“Marketing teams are opting to use marketing intelligence platforms that not only unify all of their marketing data across the stack, but also allow them to spend less time preparing data and more time actually understanding insights. AI-enabled technologies have allowed marketers to act in real time and produce more effective marketing programs as a result.”
There is plenty of evidence of other trends driving further disruption in the relationship, according to industry watchers.
For instance, some large brands are looking at bringing traditional agency functions such as programmatic buying and campaign attribution in-house, although it remains an open question how many brands are genuinely equipped to pull this off.
There’s no doubt though that as digital advertising grows, the temptation to take more control of their advertising — and, just as importantly, data collection and management — is appealing to many CMOs.
Research group Gartner argues that as digital media has grown over years to become the dominant component of advertising spend, the talent pool has grown apace.
According to Eric Schmitt senior director and analyst, Gartner, “This gives advertisers both the motivation [in the form of cost reductions] and means [in terms of talent availability] to tackle more work in-house. The current trend to insource aspects of programmatic advertising underscores this dynamic.”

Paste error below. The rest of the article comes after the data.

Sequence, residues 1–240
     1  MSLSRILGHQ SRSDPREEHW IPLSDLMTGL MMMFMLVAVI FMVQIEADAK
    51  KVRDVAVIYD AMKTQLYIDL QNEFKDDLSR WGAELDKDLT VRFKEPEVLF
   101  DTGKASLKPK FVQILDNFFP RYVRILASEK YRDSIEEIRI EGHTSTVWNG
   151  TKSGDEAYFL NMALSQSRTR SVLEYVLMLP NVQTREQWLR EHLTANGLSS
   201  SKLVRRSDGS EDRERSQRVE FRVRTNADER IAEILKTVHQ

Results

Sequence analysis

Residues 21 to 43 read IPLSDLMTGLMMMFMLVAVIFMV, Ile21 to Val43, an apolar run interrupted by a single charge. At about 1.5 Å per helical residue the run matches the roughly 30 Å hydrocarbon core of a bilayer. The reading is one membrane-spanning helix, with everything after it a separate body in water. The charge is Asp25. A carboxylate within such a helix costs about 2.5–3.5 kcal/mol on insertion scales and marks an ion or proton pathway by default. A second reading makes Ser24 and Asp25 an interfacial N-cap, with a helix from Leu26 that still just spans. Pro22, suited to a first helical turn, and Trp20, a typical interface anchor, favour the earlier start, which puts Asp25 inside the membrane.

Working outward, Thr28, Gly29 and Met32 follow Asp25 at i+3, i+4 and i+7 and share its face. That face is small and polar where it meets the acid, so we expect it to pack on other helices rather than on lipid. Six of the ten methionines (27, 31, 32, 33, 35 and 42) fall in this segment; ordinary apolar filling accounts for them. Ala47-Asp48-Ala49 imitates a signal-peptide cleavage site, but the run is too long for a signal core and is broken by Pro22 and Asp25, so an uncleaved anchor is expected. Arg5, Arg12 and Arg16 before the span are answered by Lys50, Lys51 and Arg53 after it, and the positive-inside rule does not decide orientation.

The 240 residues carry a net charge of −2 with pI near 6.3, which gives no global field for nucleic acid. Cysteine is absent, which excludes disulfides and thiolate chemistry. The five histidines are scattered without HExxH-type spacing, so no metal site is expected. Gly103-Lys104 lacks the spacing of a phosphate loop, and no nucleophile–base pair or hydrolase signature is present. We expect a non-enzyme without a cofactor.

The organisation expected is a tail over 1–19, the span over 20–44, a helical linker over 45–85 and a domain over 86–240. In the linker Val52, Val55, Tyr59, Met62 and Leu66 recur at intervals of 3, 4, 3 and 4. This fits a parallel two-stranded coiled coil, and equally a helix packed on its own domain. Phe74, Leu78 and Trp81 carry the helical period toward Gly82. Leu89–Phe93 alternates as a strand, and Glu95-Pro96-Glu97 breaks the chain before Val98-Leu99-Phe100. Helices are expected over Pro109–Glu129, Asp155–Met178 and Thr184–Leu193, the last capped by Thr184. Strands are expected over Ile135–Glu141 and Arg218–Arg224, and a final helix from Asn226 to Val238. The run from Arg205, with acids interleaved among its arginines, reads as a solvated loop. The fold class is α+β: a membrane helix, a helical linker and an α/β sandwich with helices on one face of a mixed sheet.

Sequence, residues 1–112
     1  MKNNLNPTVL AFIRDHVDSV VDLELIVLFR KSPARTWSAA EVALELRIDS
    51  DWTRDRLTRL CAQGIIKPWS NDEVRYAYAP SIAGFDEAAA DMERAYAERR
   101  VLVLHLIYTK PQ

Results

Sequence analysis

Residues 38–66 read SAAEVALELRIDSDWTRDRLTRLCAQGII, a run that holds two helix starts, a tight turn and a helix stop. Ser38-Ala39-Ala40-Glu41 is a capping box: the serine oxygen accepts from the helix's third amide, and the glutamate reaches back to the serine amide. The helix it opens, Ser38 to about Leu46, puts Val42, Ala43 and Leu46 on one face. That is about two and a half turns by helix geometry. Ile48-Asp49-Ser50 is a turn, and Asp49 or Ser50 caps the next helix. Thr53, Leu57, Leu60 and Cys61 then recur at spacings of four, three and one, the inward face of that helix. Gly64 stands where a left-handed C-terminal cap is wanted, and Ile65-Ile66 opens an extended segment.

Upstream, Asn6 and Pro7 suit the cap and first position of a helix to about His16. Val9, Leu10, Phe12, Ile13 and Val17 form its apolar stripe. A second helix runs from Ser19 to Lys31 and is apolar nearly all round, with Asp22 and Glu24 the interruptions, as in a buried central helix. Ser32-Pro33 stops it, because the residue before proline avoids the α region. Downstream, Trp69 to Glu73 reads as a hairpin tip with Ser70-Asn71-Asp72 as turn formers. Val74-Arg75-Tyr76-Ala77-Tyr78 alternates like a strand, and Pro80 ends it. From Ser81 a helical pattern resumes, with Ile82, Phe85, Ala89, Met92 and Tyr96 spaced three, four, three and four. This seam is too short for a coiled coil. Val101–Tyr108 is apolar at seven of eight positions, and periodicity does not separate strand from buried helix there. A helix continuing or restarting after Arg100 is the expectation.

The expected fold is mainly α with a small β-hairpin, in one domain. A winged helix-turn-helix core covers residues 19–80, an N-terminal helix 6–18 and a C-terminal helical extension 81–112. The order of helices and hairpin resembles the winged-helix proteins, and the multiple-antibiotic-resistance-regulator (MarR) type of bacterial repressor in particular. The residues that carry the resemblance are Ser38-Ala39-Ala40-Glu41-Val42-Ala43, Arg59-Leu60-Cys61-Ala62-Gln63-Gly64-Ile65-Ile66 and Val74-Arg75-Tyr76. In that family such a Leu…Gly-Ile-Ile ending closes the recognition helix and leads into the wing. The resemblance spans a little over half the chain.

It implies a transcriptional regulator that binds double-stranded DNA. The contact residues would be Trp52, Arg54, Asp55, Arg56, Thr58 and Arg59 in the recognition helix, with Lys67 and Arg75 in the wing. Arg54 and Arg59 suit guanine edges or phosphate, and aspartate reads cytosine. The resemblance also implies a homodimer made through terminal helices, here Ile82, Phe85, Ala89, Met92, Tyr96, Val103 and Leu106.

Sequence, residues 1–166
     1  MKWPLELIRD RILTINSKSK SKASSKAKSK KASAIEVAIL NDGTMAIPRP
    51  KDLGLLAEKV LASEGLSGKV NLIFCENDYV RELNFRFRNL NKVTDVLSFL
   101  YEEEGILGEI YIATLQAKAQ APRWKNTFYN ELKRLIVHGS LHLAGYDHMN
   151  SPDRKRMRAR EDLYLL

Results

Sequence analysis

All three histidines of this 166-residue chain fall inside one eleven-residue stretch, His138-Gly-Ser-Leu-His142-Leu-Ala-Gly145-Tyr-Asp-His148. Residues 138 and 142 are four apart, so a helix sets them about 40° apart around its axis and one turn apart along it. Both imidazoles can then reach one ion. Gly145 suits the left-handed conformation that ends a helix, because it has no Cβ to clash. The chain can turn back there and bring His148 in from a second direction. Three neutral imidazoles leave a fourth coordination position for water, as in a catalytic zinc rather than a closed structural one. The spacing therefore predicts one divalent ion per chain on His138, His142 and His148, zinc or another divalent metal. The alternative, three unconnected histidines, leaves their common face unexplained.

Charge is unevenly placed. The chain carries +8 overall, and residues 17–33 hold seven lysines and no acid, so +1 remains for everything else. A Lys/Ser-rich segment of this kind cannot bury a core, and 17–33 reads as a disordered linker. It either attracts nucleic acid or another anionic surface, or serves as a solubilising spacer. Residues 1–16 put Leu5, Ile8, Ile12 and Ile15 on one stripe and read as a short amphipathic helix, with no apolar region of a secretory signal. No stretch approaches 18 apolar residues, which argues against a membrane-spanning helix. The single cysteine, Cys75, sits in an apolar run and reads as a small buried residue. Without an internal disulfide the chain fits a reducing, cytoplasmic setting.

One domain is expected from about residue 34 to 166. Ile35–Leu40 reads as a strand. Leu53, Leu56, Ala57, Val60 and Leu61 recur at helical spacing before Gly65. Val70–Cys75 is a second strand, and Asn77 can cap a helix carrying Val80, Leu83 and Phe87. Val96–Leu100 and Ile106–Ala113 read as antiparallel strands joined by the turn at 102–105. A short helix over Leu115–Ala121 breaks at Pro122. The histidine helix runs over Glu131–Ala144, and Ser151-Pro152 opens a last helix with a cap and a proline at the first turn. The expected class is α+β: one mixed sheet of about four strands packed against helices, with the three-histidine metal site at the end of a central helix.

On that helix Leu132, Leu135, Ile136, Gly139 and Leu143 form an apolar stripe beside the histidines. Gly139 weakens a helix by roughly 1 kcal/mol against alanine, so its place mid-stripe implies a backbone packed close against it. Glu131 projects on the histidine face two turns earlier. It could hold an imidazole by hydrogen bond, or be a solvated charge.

Indeed, in a report published last year called How to take programmatic advertising in-house, Schmitt argued that managing programmatic advertising internally offers favorable economic and strategic advantages in data and segmentation — but brings with it significant execution risks. “Marketing leaders focused on advertising should calibrate investment to media spend, take a phased approach and leverage hybrid tactics.”
Schmitt says this trend toward developing in-house capabilities adds to the pressure on media agencies to perform — and to do so transparently.
This is just one more problem agencies have to cope with, he says. It is one more layer atop other challenges, including media spend consolidation with Google and Facebook, and competition from systems integrators.